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June 2004

Bassett-Lowke “Super Enterprise” 4-6-0

by Marc Horovitz

The model
Bassett-Lowke is, arguably, the best-know model-railway manufacturer in the world. Wenman J. Bassett-Lowke produced his first catalog in 1900. The company imported and produced models into the 1960s. Today the name is owned by Corgi, who acquired it in 1996. Bassett-Lowke offered trains in all gauges up to 15" and in all modes of power (clockwork, steam, and electric). They were also well known for their ship models, some of which graced the board rooms of the largest steamship companies of the time.

I thought that, for the 50th locomotive in this series, I would have a look at the very first live-steam locomotive I ever acquired, around 25 years ago. This is the Bassett-Lowke "Super Enterprise". My example is green and lettered for the LNER (London & North Eastern Railway). It was produced (according to the book The Bassett-Lowke Story by Roland Fuller) in 1937. Also in this year were produced engines painted and lettered for the LMS, SR, and BR. The book indicates that the "Super Enterprise" was made from the early 1930s into the 1950s.

The locomotive is mechanically similar in most respects to the company's 2-6-0, but is not nearly as common. It features a simple pot boiler fired by a vaporizing-spirit burner held in place with a clip. In the cab is a throttle, a level plug that can be used to fill the boiler to the proper level, and a whistle of little value beyond that of ornamentation. There's a toy-type safety valve atop the boiler. This was originally concealed beneath a steam dome, made of a simple brass pressing with a hole in the middle through which projected the stem of the safety valve. These are commonly missing.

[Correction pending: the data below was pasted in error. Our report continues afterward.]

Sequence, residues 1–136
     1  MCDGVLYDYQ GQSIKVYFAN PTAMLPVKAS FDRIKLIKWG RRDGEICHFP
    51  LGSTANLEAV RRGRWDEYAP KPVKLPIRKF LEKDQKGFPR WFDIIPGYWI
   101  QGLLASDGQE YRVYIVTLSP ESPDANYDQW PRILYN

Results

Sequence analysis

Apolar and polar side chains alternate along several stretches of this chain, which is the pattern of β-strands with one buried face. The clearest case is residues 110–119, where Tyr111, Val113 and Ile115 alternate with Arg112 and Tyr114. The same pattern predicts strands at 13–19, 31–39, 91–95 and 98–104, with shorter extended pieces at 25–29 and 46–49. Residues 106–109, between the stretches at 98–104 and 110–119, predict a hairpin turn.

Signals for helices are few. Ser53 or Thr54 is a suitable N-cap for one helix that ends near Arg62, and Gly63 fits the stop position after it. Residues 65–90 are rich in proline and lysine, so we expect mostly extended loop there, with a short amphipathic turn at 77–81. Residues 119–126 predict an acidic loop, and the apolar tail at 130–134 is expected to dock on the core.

The engine has two, double-acting cylinders with inside piston valves controlled by slip eccentrics (the Mogul is controlled by a rotary reversing valve). A displacement lubricator resides in the smokebox. A filler plug for the lubricator is just in front of the stack and a drain plug is located in the middle of the smokebox front. The tender does nothing but follow along behind.

The burner is interesting. This type was commonly used in Bassett-Lowke's lower-end models. Alcohol (spirit) is held in a tank beneath the cab. A tube brings the fuel forward to a riser, inside of which is a wick to draw the meths up. Just behind the riser is a pilot wick whose job it is to preheat the burner tube. The burner tube is attached to the riser and is perforated with a row of little holes. When the pilot wick is lit, it begins heating the burner tube. As the alcohol inside heats, it begins to vaporize and come out the row of holes. As soon as this happens, the vapor ignites, producing a series of tiny but very hot flames atop the burner tube. It is these that heat the boiler. The burners in these engines are not very well shielded, which makes them particularly susceptible to the slightest breeze. Unlike wick fires, this one is easily blown out.

My example is typical of any well-used model of this type. The sides of the boiler are charred and the paint is coming off the splashers and frames.

The run